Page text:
Eric Roche is mostly associated with Lowden Guuitars and has been using a
Lowden almost exclusively since 1992. In fact since 1998 Eric has been the
official endorsee of Lowden Guitars in the UK. His main instrument is an original
O10 model that has been highly modified to accommodate his playing style.
The instrument has a Cedar top and mahogany back and sides.
He also plays an O23 (Walnut back and sides with a Cedar top) and an O25 custom
model (Redwood top with Rosewood back and sides). Each of these guitars is fitted
with a Fishman natural One undersaddle pick up.
Because of excessive wear on the O10 guitar top due to some of the percussive
techniques, a clear Lowden style scratch plate was applied just below the sound-hole
in 1999. The area just above the sound-hole has been reinforced on the inside with
a series of "mini-braces". This is to protect the top against some of the percussive
sounds Eric achieves on this part of the guitar with the heel of his right hand.
Some of the wear and tear on the top helped to create new percussive textures.
For example the area just below the neck on the cedar top had worn so much down below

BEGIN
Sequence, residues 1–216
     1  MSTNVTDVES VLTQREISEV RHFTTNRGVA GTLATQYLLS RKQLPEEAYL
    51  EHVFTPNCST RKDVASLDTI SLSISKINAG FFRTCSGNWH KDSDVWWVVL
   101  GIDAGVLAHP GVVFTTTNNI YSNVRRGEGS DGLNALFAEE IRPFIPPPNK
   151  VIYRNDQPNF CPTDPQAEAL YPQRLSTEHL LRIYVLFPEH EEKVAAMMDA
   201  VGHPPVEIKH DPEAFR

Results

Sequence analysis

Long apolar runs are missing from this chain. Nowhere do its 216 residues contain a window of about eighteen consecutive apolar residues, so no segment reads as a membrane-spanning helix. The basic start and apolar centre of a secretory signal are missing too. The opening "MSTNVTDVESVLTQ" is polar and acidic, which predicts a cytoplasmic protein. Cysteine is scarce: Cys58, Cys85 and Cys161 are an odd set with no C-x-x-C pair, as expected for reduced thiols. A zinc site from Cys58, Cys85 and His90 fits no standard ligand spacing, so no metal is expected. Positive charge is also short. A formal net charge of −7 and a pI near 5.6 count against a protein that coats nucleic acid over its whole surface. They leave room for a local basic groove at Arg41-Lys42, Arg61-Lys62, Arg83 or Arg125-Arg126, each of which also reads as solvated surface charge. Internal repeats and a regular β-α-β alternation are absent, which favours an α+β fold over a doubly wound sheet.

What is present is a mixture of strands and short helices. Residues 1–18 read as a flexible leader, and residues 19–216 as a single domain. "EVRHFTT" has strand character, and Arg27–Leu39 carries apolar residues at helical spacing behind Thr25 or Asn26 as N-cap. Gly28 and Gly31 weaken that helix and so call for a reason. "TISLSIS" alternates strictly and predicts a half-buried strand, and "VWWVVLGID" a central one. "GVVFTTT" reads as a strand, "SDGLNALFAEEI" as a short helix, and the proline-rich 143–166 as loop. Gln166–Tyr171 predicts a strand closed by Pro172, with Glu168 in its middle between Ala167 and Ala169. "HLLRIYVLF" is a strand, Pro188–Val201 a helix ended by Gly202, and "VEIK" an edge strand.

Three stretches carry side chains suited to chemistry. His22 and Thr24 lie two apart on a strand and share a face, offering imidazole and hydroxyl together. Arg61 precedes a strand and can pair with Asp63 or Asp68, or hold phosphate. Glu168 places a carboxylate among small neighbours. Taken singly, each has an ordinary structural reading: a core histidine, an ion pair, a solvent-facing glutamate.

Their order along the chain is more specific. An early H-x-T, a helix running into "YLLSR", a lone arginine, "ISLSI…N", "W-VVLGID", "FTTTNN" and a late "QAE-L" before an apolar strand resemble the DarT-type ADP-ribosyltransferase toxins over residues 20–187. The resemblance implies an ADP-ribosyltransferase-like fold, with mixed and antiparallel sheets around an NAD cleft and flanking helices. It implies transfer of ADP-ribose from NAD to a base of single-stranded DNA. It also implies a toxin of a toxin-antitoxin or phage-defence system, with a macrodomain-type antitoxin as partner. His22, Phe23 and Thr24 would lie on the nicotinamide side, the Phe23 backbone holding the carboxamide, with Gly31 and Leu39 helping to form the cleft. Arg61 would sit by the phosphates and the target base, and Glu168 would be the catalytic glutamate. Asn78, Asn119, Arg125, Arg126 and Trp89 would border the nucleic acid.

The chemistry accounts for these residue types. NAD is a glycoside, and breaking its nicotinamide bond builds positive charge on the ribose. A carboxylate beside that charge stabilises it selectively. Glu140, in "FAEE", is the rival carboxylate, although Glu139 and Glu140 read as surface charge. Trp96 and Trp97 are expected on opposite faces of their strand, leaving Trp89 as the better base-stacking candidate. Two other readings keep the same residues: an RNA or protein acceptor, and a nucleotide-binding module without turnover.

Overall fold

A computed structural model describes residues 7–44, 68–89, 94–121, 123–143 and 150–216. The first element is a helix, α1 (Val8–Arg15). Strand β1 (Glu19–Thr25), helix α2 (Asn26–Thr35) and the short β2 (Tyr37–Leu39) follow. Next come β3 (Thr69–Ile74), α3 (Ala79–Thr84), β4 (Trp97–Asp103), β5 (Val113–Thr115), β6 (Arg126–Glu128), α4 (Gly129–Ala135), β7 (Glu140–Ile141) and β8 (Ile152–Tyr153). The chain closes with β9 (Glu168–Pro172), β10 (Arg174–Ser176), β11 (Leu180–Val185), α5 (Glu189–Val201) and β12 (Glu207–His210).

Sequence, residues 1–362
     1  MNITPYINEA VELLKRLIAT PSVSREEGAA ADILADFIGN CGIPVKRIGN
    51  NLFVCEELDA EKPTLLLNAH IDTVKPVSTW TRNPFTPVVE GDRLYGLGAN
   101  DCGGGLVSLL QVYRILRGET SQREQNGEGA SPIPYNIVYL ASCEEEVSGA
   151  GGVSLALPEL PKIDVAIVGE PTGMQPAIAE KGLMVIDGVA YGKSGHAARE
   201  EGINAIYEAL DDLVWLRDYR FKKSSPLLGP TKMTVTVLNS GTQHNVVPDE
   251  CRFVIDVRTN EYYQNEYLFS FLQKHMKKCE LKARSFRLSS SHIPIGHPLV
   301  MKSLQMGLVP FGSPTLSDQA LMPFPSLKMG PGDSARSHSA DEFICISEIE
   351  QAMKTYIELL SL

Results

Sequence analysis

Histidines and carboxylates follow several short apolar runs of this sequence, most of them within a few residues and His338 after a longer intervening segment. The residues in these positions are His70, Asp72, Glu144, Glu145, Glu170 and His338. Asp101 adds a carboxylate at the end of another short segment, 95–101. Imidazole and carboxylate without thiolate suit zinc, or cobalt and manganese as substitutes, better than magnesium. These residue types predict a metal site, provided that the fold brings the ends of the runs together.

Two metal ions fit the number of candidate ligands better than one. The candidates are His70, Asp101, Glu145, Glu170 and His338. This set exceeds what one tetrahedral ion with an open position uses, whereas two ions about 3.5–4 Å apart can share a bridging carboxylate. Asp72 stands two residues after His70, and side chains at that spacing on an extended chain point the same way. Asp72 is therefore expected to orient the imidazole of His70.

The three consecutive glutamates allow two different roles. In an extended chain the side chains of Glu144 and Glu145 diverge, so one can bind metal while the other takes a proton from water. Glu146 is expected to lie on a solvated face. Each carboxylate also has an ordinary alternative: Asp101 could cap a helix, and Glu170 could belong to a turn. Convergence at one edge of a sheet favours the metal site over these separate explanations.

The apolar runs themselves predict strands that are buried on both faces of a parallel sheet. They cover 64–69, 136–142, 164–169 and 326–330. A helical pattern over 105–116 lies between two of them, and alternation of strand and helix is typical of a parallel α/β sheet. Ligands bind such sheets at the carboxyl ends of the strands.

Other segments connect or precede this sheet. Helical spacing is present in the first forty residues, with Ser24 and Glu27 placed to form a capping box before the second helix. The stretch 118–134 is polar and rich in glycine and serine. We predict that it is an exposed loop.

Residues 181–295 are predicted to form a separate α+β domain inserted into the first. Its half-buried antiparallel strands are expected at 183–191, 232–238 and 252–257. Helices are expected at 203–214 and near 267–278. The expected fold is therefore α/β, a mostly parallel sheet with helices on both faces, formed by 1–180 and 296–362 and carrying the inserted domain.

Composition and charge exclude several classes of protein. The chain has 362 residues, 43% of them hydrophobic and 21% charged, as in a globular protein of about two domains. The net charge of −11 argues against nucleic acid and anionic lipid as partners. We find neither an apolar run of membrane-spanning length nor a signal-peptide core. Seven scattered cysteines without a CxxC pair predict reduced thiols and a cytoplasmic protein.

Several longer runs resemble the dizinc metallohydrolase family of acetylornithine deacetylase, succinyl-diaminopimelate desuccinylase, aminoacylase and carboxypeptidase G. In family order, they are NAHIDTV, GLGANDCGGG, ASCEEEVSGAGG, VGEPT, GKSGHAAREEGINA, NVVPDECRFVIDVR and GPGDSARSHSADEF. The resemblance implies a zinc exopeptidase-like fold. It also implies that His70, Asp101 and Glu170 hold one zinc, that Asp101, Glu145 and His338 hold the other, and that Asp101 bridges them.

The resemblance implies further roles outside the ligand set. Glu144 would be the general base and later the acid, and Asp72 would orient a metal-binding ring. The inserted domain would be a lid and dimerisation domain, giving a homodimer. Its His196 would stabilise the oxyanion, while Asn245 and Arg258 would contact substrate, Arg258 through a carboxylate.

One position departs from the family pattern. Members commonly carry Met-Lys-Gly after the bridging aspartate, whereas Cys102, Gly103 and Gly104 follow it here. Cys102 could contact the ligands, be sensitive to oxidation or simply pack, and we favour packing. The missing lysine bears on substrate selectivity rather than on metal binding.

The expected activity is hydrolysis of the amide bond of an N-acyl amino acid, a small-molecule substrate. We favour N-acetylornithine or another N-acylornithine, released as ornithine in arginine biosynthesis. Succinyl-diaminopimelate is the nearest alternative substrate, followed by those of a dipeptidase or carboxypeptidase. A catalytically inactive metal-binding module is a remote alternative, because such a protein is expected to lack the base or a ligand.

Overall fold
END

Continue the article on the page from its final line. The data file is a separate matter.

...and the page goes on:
the original surface level that it now produces a sort of "guiro" or even "record scratching"
sound when played with the nails. This sound features particularly in "Hamam/Norwegian
and his live version of " Smells like Teen Spirit".
See the diagrams for an explanation of the complex pick up systems on the Lowden O10.
As well as continuing to compose, record and perform with Lowden Guitars, Eric recently
commissioned British guitar maker NICK BENJAMIN to build a smaller guitar. After
numerous design meetings and discussions, Nick came up with a 14 fret OM model.
With a neck built to Eric's personal specifications and Nick Benjamin's usual guitar
body dimensions, the guitar is a unique blend of building traditions.
Nick picks up the story:
"Eric ordered an Orchestra model guitar in Cedar and Indian Rosewood from me in 2002.
He had been looking for a smaller instrument to suit his more intimate pieces and he
fell in love with a twelve fret Treble 0 guitar I had made but after much deliberation
decided he needed the extra two frets! Thus I set out to create a fourteen fret
Orchestra model which got as near as possible to the sound of that twelve fretter.
I varied the strutting slightly from normal and used wood as similar as I could and
the result was about as close as is possible in my opinion. A fourteen fretter will
always have a slightly quicker attack than a twelve due to the different proportions
but I think this has actually made for a guitar that is more versatile for Eric's playing;
giving a little extra separation over a twelve fret guitar."
The guitar has already been recorded for Erics transcription and recording of
Pat Metheny's "A Map of the World" for Guitar Techniques magazine (March 2003).
The Benjamin will offer an interesting contrast to his Lowden concert pieces. You can
check out the guitar on many of Eric's upcoming Autumn concerts. You can visit Nick
Benjamin at Benjamin Guitars